Most of the Eastern portion of the United States flies by my window and the next thing I know  my dogs have vanished into thin air (I guess the spider is safe) and I'm pulling up to Fort Leonard Wood, Missouri. I dream about the place often, given my history there and all, but it never looks the same. There are Koreans running all over the base hospital, kidnapping the other drivers and groups of soldiers. They're doing some kind of experiments on the unwitting patients. Chemical lobotomies. Or maybe the lobotomies aren't the experiments, but the method in which the Koreans capture everybody. I can't recall exactly. Some of these bastards have large metal spiders growing out of their abdomens. Ever seen Total Recall? Yeah, those metal spiders remind me of the mutant head. Yuck.

I find some sort of spray weapon that keeps the Koreans away from me. They're afraid of it. I have no idea why, but it's allowing me to get to the exit. Don't ask how I got in the hospital. I just sort of appeared there, I suppose. Teleportation and magic doors run rampant in my dream worlds. I need to go back and rescue the others. Good thing I have a large supply of whatever this shit is the spider-Koreans are terrified of. I do rescue some people... not sure if any of them are my teammates.

I jump in my truck. On the way off the base, I pick up Amaury Nolasco (an actor from Prison Break). He doesn't seem to mind the tarantula, either. Driving down a lonely road that I remember has a pretty nice steakhouse, we stop at a small residence. I guess I know who lives here, but I've never seen these people in my life. Some woman and her friend greet me with hugs, not having seen me in a while (ever, in reality). They're crying. The woman's daughter has died or something. Whatever happened, it was tragic, though I never get clarification if the girl's dead or not. Scott Bakula is here for moral support. He doesn't want me to feel bad.


So... anyone feel like trying to analyze that?

Sunday, July 25, 2010

The Road

*For Greg and Cam

"Fuck, it hurts." Truth be told, Roberts can't feel his leg at all. He's afraid to look, but his brain knows something is wrong.

Pulling Roberts by the drag-handle on Roberts' web-gear, Mullens screams, "Shut up. We're almost there."

The howitzer shell had hit too close. Concussion-propelled shrapnel tore its way through anything unlucky enough to be in the way. Mullens was covered in the blood of his best friend, who had shoved Mullens behind him. There is no time for sentiment. Nobody's around to care, anyway.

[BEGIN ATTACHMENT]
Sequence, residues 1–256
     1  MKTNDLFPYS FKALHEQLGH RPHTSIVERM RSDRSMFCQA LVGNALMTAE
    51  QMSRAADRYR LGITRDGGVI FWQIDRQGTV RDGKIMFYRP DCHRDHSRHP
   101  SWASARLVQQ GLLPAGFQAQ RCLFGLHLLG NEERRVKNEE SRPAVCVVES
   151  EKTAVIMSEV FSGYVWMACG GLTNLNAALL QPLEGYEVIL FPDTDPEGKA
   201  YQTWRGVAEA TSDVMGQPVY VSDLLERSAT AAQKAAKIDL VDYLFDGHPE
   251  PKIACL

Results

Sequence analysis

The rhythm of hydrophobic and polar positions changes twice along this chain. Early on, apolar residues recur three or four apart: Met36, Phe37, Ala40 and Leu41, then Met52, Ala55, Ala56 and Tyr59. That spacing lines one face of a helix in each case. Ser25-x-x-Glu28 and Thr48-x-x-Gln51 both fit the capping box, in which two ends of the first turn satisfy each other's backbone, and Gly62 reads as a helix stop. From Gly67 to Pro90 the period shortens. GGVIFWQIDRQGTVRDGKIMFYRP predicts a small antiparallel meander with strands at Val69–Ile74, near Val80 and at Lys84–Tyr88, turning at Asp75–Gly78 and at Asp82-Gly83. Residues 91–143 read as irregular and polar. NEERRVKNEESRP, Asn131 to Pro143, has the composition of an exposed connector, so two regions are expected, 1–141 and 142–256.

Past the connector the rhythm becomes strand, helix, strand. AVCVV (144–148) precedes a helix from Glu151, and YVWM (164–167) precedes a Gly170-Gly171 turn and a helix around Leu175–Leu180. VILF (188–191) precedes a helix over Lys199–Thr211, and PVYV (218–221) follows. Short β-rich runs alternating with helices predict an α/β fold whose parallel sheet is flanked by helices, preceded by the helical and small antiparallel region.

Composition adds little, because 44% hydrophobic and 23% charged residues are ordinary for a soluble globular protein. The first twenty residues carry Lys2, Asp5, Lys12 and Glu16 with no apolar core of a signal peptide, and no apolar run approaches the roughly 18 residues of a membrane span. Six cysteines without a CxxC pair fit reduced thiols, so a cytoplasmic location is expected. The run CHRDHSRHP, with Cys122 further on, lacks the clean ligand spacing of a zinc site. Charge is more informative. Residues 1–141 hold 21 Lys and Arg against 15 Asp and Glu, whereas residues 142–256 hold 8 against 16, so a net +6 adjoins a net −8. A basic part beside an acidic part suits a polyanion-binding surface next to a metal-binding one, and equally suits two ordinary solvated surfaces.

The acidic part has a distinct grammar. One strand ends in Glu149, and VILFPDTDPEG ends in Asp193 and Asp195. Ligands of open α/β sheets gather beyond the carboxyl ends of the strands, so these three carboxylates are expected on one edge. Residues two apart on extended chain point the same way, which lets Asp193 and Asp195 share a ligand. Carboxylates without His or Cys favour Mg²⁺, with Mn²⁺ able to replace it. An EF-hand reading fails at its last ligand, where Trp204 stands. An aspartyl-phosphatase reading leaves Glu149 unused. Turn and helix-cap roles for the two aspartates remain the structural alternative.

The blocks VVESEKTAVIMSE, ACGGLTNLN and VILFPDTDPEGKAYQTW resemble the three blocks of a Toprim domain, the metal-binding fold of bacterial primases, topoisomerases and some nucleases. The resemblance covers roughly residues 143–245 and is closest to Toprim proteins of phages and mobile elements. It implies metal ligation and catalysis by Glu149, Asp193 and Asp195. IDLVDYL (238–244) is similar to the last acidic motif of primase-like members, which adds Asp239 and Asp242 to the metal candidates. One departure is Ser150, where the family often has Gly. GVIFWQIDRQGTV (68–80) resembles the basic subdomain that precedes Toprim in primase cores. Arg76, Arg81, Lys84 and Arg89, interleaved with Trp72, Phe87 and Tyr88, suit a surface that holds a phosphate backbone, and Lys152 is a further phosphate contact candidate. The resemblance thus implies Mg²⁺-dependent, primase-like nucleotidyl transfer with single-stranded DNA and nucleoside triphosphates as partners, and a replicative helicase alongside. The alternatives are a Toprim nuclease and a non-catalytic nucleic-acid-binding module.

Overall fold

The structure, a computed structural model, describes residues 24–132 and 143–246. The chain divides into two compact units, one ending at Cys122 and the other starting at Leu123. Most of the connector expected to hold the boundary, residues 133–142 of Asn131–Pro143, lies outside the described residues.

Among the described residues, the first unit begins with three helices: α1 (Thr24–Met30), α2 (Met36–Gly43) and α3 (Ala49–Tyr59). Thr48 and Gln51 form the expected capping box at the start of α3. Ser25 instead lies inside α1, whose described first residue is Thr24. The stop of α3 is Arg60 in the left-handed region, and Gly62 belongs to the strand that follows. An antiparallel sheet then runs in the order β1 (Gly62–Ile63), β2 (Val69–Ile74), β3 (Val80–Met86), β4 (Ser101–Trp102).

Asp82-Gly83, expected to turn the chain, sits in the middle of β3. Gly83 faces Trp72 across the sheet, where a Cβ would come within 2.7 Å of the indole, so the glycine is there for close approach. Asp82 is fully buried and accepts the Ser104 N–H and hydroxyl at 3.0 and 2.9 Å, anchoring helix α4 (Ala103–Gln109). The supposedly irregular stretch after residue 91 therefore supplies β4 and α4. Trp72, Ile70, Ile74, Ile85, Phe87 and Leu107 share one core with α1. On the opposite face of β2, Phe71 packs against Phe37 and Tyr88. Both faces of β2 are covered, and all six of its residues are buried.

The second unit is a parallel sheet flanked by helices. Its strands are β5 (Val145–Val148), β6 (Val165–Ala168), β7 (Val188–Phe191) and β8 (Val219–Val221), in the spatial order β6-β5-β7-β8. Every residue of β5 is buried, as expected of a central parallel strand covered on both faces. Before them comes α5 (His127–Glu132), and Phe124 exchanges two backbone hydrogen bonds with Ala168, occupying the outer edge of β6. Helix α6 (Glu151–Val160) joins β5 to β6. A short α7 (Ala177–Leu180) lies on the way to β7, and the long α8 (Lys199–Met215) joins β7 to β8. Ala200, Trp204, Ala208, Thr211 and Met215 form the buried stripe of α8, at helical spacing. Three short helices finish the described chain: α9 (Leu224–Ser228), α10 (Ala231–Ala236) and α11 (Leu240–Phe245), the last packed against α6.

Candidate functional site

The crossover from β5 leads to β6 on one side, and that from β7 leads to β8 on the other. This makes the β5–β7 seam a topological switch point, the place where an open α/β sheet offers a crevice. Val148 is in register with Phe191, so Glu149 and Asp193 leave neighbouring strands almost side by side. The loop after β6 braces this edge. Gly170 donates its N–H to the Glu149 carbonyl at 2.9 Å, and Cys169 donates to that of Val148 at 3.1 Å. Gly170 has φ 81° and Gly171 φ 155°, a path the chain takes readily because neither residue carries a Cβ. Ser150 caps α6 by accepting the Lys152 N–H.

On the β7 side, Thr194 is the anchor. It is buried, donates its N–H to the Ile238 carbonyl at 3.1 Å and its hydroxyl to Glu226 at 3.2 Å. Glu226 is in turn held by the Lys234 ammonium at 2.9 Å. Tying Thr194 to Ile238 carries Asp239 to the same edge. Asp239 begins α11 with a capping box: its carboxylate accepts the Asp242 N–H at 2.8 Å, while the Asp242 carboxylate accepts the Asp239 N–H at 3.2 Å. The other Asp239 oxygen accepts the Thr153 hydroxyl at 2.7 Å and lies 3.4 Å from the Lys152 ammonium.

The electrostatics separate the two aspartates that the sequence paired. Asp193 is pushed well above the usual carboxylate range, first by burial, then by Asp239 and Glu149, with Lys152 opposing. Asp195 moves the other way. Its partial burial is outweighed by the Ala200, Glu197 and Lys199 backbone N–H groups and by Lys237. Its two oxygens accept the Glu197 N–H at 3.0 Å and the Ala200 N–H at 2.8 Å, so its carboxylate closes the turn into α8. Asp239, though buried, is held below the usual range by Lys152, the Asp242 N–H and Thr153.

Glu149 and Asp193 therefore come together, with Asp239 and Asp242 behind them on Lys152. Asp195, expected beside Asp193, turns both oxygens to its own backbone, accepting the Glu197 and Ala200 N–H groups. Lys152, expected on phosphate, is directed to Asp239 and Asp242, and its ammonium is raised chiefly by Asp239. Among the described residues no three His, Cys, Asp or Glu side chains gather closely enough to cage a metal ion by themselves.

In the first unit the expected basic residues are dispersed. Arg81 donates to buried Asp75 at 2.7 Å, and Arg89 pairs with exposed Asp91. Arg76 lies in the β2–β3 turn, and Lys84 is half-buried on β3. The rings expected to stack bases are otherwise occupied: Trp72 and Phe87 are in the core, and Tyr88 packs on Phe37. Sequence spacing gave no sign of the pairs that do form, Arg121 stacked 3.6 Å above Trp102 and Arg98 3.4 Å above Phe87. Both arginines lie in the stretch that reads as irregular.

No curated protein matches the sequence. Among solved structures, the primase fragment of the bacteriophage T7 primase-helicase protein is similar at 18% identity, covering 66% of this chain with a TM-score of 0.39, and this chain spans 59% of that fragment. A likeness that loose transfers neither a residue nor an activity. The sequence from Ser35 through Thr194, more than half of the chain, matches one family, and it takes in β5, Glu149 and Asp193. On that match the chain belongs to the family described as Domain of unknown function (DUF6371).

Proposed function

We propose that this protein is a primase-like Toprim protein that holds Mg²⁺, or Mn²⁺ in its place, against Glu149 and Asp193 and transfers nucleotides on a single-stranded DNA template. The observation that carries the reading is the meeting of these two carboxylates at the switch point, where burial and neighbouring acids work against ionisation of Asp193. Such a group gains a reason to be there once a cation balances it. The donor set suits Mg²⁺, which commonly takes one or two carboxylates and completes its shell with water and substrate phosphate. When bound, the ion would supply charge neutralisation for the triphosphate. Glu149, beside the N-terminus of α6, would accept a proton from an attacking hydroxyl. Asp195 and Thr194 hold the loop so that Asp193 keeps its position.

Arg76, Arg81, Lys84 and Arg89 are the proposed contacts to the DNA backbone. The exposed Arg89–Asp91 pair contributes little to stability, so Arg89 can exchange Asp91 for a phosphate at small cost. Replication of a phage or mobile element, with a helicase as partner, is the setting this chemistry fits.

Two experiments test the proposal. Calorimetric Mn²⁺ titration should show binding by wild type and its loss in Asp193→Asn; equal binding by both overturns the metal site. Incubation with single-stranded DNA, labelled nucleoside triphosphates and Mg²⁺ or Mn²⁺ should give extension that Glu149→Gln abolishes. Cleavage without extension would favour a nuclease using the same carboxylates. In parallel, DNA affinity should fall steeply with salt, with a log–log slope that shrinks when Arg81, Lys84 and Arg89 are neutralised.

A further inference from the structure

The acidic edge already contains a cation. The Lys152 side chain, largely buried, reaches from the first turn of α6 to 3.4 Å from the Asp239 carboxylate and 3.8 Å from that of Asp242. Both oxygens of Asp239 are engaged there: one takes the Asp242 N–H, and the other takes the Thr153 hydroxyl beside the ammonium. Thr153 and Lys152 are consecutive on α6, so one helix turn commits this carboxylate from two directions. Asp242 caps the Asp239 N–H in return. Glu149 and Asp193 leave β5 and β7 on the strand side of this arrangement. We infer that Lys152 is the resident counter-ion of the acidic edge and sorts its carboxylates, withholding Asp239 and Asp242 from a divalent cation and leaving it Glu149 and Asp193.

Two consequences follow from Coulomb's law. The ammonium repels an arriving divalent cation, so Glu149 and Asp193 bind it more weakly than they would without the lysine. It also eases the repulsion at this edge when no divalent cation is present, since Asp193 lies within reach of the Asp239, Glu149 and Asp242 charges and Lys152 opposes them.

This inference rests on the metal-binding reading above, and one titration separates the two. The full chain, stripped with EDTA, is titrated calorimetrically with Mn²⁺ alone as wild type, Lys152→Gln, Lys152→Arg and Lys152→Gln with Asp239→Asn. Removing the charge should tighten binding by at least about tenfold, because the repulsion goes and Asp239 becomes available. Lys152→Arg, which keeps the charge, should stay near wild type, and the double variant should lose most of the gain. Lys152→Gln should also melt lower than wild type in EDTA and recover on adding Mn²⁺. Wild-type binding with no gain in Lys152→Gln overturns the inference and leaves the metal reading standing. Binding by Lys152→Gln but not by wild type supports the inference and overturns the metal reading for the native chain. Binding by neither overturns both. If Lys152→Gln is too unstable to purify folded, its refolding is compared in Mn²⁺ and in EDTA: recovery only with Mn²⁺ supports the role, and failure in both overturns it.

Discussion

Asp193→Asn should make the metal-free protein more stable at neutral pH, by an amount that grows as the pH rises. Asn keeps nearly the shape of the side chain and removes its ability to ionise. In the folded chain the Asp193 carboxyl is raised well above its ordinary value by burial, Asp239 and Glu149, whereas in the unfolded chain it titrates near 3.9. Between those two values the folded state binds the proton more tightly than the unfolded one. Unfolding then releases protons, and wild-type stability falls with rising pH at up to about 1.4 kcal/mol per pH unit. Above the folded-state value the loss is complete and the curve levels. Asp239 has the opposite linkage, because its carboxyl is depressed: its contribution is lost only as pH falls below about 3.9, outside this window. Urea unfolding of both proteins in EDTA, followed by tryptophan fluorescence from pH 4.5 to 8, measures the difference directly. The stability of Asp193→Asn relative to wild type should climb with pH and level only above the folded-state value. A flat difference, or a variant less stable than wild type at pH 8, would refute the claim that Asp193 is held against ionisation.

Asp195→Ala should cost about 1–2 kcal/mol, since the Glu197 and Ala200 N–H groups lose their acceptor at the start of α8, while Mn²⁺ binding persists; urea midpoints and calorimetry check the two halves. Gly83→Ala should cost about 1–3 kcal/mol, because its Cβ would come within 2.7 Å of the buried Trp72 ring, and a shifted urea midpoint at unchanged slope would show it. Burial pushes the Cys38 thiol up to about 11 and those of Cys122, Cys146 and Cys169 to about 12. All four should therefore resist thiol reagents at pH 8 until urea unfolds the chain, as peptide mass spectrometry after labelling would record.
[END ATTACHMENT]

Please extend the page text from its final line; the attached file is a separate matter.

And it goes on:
Roberts wakes up from the nightmare. It is a memory that will not die. He turns to look at the empty pillow beside, the result of a woman's promise to leave if he didn't get out of the Army. Even in spite of his injury, she refused to come back. Refused, in fact, to even look at him. Couldn't.


An errant bounce against a boulder forces to Roberts to witness what he's feared. His left leg is no longer attached to his body. Nowhere to be seen. A hasty tourniquet of five-fifty cord keeps him alive. Two, actually. His right leg would be missing, too, were it not for a stubborn clump of tissue. "Oh, no."

Had Mullens been paying attention, he would have noticed the complete lack of emotion in Roberts' despair. But he's too busy trying to pull Roberts away from the impact area. Blood- and tear-obscured dust is not making their escape any easier.


Another nightmare and another glance at an empty pillow. Only after having stared into the face of war has he realized the value of the body of woman. Too late. Exhausted from his dream, Roberts doesn't even try to get out of bed, preferring simply to pretend there's comfort to be found in sleeping in his own urine.


Roberts knows he's going to lose the other leg soon enough. The thought of having no legs finds life among the surrounding dead. "Leave me here, Mullens. Just leave me here. Please, just leave me here."

"Shut the fuck up."


He's a coward and he hates himself for it. The taste of gunmetal is, by now, a familiar friend. But he can't sum up the courage to pull the trigger. An old soldier of his happened to stop by the one time he thought he could do it, but the asshole took Roberts' gun. Good thing the other pistol was stored under a floorboard. If it were on top of the closet like the last one was, he didn't think he'd have the capability of getting it down. It's odd to see all of one's higher shelves completely empty.